0d. Hieroglyphics

Europeans long believed that hieroglyphics were purely symbolic picture-writing, a preconception that stymied translation efforts for centuries. Hieroglyphics is actually a complex mix of logograms, phonograms (signs that represent sounds), and determinants, robust enough to encode any verbal information, but vastly different than cuneiform or really anything else you may be familiar with.

Logograms depict words directly, where a picture of a mouth represents a mouth (r), or a house (drawn as a square) represents a house (pr). Some logograms are a bit more abstract, like a pair of legs for “come” (ỉw). These symbols also function as phonograms where they represent the consonantal sounds of their namesakes; the mouth sign vocalized as r can also be used to mean “toward” (also r), or one sign in a longer word like rn for “name.” Here is the rebus principle in action again (think back to Sumer), but notice that the vowels are not represented. Unlike cuneiform where each sign stands for a syllable made of a consonant and a vowel, phonetic Egyptian signs are just consonantal, with the vowels understood in context by the reader. “Mouth” (r) is a uniconsonantal sign, house (pr) is a biconsonantal sign representing two successive consonants (with a vowel added by the reader between them), and there are triconsonantal signs as well.

To show that a multiconsonantal sign is a phonogram and not a logogram, uniconsonantal signs representing the final consonant in the sign are appended after the multiconsonantal sign in what’s known as phonetic complementing. To aid in differentiation between homophones (words that sound alike), a phonetic sign could be followed with a determinative sign that shows what kind of thing it is. Thus, the word “go” (pr) is written “house mouth legs,” consisting of a biconsonantal sign (pr), a uniconsonantal phonetic complement (r), and a determinative (legs). Determinatives provided the added function of identifying the end of words, aiding reading in a system without word spacing.


Hieroglyphic signs for mouth (logogram and uniconsonantal phonogram with value /r/), house (logogram and biconsontantal phonogram with value /pr/), and legs (logogram for “come,” determinant for “walk”/”run”). Together they spell the word “pr” for “go.”

Think that’s difficult? It gets worse. These spellings became canonized early on, but remember how different English pronunciation and grammar is now compared to Shakespeare’s time, or even compared to old movies. The Egyptian language similarly evolved over 4,000 years as a spoken language,1 and its pronunciation drifted apart from the unchanging orthography,2 much like in the English word “night.” The relative stability of the hieroglyphic writing system and the preservation of archaic constructions long after the spoken form of the language evolved past them illustrate how conservative written language can be within a society.

As with cuneiform, phoneticism allows hieroglyphics to include foreign words and even to write foreign languages. It is in Egypt that we first encounter Semitic languages. A mysterious passage written in hieroglyphics dating back to 3000-2400 BC had puzzled Egyptologists since its discovery in 1881. In 2002 Yeshiva University Semitic languages professor Richard Steiner recognized it was incantation in Proto-Canaanite, the direct precursor of Hebrew.3 This glimpse into Hebrew’s past shed light on Biblical wording that had vexed scholars for centuries.4 Much later, the inclusion of the Greek name Ptolemy on the Rosetta Stone and the names of Cleopatra, Alexander (the Great) and Berenice on the Philae obelisk and other multilingual artifacts from the 1st-3rd centuries BC were pivotal in the decoding of hieroglyphics in the early 19th century.5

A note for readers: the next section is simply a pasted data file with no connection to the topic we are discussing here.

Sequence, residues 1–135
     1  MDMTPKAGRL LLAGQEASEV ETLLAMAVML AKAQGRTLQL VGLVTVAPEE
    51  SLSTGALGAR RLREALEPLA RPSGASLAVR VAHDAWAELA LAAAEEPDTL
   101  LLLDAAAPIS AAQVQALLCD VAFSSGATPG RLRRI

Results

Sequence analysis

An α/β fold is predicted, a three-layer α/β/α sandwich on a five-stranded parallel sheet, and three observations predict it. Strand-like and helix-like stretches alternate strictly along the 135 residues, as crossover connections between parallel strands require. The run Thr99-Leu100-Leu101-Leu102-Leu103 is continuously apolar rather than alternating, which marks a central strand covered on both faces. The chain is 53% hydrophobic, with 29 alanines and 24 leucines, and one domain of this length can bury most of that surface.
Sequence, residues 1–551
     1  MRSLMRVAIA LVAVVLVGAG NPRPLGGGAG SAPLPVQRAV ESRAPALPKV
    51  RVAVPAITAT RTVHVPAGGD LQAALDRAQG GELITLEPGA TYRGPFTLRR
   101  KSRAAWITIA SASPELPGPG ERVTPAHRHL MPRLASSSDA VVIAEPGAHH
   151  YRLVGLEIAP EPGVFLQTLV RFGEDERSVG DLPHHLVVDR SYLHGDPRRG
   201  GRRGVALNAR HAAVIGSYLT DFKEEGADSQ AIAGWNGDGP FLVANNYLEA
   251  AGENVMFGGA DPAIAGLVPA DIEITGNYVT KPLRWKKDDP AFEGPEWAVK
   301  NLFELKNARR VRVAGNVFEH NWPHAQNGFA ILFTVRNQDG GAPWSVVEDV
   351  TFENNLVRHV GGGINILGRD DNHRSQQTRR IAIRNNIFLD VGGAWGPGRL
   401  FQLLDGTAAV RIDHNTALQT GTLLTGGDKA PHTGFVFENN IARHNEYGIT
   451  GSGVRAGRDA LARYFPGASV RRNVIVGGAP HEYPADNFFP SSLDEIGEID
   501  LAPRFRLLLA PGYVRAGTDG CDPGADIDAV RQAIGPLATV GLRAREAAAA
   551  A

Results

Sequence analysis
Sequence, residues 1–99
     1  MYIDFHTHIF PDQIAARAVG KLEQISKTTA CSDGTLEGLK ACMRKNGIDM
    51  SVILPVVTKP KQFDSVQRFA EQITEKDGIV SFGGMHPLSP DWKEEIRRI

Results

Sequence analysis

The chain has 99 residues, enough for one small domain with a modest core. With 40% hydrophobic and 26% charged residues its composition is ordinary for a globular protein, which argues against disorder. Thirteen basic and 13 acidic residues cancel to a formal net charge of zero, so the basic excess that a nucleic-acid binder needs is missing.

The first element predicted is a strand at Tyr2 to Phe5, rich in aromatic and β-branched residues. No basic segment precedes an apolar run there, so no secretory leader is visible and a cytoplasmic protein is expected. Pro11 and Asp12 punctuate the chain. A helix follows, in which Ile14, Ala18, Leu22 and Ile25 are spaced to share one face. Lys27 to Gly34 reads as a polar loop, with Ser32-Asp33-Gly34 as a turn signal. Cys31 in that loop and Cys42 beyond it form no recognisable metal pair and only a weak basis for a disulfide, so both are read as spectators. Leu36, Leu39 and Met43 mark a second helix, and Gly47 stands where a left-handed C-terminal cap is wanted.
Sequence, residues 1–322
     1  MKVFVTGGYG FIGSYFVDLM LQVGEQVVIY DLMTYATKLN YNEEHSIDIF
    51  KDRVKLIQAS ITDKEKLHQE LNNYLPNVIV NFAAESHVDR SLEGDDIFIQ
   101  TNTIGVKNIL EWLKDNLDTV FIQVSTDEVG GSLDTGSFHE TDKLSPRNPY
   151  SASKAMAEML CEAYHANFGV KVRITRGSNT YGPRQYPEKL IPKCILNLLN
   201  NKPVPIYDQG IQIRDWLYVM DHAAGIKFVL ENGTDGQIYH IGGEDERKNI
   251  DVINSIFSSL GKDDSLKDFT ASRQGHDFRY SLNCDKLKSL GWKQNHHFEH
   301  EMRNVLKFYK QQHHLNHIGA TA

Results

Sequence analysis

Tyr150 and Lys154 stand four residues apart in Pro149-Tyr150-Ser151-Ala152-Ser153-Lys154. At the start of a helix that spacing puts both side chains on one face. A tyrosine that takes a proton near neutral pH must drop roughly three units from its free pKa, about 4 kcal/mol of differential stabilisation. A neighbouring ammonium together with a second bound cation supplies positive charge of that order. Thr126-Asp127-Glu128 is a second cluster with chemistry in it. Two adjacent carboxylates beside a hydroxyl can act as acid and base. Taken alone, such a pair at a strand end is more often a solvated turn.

Rosetta Stne

The Rosetta Stone, discovered in the Nile Delta by the French in 1799 and possibly the most famous historical artifact ever, dates to 196 BC and features a decree from King Ptolemy V in hieroglyphics, demotic, and Greek. Click for a closer look. Courtesy of the British Museum.6

Roughly 600-700 signs were in use at any time for the majority of hieroglyphics’ history.7 These were arranged continuously, without spaces or punctuation, in columns or rows, and read generally from right to left, top to bottom, except when the text and signs were flipped left to right for stylistic reasons, like to create a harmonious composition. Signs representing animals and people always face the beginning of the inscription—facing rightward in a right-to-left inscription—which seems backwards to us Westerners who prefer our drawings oriented in the direction of text flow. Signs were occasionally reordered within a word to create a more pleasing arrangement, stacking two thin and wide signs on top of each other, for example.

Writing was closely linked to art by the Egyptians. They used the word for sign to also refer to artistic representation,8 and the same verb (zšʒ) for writing and painting.9 Pre-literate Egypt used image-making as a way to signify ownership and veneration, the same role writing would take, and access to images was just as restricted to the ruling classes. The first signs were derived from earlier traditional symbols and archetypes, and were created with the same expertise and craftsmanship as art objects. Artifacts from the first dynasties like the Narmer Palette use writing as captions in tandem with images. The figures in reliefs and sculptures from later periods even operated as hieroglyphic elements in some contexts, with word and image mutually dependent. Writing also had religious significance. The Egyptians referred to hieroglyphic writing as “divine words,” later Egyptians crediting the god Thoth with the invention of writing. Both art and writing enabled people and ideas to live for eternity, literally. And just as writing a name ensured everlasting after-life for that person, erasing a name or depiction removed them from history.